Guest Posts, How To, Outdoor Living

Building The Ultimate Back Garden Bar

What’s not to love about a back garden bar? Think about it: you save money on a trip to the pub; the only punters are invited guests, and you decide when it’s last orders.

Ready to get building? Follow these steps to construct your own secluded socialising spot, and don’t be surprised when your garden is the place to be this summer!

  1. Choose your theme
  2. Choose your materials
  3. Set up your seating
  4. Consider cover
  5. Get the grill
  6. Keep it cosy

Choose your theme

Mexico Tiki Bar

Everyone’s favourite bar has a theme; why should your bar be any exception?

Maybe you’ll opt to build a tiki bar. According to Little Lovelies, that’s an “exotic-themed drinking establishment used to serve drinks like rum and cocktails.” Sounds good to us! Or maybe you’d prefer something more traditional. You could easily recreate the experience of going down your local in your own back garden.

The options are endless when it comes to a theme for your back garden bar. Why not consider a retro vibe, a nod to the nautical, or a straight-up sports bar?

Choose your materials

Wooden wall, or maybe a floor

Now you know your theme, it’s much easier to choose your materials. For example, wood and thatch combined create a very convincing tiki effect. Stone might be the right material for a homely pub vibe, and metal has a modern, industrial aesthetic that’s ideal for anyone who wants to emulate the look of a hip craft beer brewery.

Be careful! You may need planning permission for building your bar, according to S Jones, though it really depends on the materials you use. If you choose to convert a shipping container for a back garden bar, which would function as a real escape from the elements, you should check with your local authority first.

Set up your seating

Primrose Living Bistro Set

There are many seating options to choose from; it’s all about your personal preferences and what’s best for your particular bar. Do you dream of romantic nights spent under the stars with a delicious drink and your loved one? A bistro set provides an intimate seating arrangement that might work well for you.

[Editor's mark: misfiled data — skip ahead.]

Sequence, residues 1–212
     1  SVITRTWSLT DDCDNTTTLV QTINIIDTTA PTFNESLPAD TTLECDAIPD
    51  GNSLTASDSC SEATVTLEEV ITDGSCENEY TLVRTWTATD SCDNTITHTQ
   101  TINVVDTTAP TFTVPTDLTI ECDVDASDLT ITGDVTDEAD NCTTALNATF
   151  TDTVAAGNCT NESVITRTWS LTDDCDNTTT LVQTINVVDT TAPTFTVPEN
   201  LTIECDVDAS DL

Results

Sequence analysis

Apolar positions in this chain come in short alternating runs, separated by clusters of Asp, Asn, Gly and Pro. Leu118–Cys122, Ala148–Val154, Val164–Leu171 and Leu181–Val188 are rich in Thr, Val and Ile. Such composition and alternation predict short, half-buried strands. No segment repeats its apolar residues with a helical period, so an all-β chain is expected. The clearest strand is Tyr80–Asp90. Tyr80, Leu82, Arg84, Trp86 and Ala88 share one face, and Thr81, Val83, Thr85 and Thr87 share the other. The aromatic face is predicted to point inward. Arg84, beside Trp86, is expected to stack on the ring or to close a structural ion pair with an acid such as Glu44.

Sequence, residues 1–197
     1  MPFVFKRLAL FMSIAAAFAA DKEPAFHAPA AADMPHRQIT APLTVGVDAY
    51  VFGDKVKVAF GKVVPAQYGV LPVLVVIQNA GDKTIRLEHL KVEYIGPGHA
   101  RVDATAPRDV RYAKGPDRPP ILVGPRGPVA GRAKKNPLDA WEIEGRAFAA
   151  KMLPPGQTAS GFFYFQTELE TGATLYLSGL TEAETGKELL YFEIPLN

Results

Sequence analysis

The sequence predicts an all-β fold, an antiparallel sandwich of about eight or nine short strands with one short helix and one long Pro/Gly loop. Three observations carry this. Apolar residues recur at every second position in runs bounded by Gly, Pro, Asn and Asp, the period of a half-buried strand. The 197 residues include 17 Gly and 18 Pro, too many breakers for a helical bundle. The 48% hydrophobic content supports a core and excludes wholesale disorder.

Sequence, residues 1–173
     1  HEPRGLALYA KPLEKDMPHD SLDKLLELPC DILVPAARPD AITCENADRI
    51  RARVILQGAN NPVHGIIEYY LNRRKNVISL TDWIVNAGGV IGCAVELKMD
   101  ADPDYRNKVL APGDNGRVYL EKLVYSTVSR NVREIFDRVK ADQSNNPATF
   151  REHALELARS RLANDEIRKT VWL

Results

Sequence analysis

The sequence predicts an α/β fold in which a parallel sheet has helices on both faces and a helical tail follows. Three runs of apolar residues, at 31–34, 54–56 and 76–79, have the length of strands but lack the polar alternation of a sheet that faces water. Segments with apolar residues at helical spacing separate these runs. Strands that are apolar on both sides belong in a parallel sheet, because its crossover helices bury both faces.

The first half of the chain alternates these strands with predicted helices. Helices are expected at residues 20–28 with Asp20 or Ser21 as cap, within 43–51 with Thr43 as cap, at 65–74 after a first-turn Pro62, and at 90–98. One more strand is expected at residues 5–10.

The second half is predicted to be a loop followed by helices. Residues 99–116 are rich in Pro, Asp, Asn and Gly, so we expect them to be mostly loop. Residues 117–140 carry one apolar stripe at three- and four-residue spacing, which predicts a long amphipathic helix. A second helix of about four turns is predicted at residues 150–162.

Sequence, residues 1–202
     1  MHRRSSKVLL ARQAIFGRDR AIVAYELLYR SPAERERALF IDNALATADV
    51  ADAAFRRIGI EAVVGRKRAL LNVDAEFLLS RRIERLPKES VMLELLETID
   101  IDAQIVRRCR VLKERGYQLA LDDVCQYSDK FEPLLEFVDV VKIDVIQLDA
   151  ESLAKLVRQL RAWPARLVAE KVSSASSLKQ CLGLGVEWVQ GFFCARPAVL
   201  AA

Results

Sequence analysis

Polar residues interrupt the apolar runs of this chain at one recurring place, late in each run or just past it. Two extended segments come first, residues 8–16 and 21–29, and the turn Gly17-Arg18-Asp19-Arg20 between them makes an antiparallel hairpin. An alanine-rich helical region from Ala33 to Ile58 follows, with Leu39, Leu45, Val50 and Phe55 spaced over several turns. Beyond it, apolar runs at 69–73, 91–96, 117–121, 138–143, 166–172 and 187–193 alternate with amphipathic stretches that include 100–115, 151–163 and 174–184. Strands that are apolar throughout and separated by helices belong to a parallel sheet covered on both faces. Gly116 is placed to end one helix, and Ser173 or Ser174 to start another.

Maybe your bar is a place for all the family to relax. In that case, you may wish to explore garden sofa sets: they accommodate the whole family in comfort! Of course, for an authentic bar atmosphere, you could always invest in some bar stools. They’re perfect for your pals to perch on as they sip their pints.

Consider cover

Green triangle shade sail over a deck

As we all know, British weather can be unpredictable. That’s why it’s a smart idea to consider some coverage for your garden bar. You might consider a permanent roof; for example, Bushbury Cladding recommends a metal structure that allows you to socialise outdoors whatever the weather. If that’s a little too industrial for your taste, consider an elegant wooden gazebo instead.

Your roof doesn’t have to be permanent, though. You could always have a party gazebo in storage, ready to be assembled at the first sighting of a grey cloud. Sail shades are also an option: they provide shelter from the sun’s harsh rays as well as the rain.

Get the grill

Pizza Oven and barbecue

What’s a beer without a burger? When entertaining family and friends at your new back garden bar, you’ll want to offer them something to eat. A masonry barbecue isn’t just practical; it’s also pretty – you can make it a real focal point of your outdoor set-up. Portable barbecues are another good option if you’d rather store your grill elsewhere when it’s not in use.

Remember, these days, al fresco dining isn’t limited to meat on the grill. Your guests are sure to be impressed when your bar serves freshly made pizzas baked in your own wood burning pizza oven.  The only problem is that they might never want to leave…

Keep it cosy

Firepit surrounded by Hadleigh furniture

Even long, hot summer days can get pretty chilly at night. That’s why you might choose to invest in outdoor heating for your back garden bar. That way, a drop in temperature won’t be able to stop your fun! It could be good to end your evenings gathered around a firepit – a perfect place to share jokes and tell stories. Alternatively, you might copy the very best beer gardens by installing some electric patio heaters around your place.

By following these steps, you can build an amazing back garden bar that perfectly suits your needs and reflects your style. All that’s left to do is invite your loved ones over and make a million happy memories there. We’ll leave that part up to you!

By Olivia Wood, an Avid Book worm and social bean whose best decision in life was building a bar in her back garden!

Tiki photo by Ellen Auer on Unsplash
Wood photo by Bernard Hermant on Unsplash
Header photo by Florencia Viadana on Unsplash  

Fathers' Day, Gardening, Pest Advice, Stuart

Dad’s Top Gardening Tips

It’s Father’s Day, we’re a gardening specialist, so naturally we’re going to do a blog post about Dad’s best gardening tips.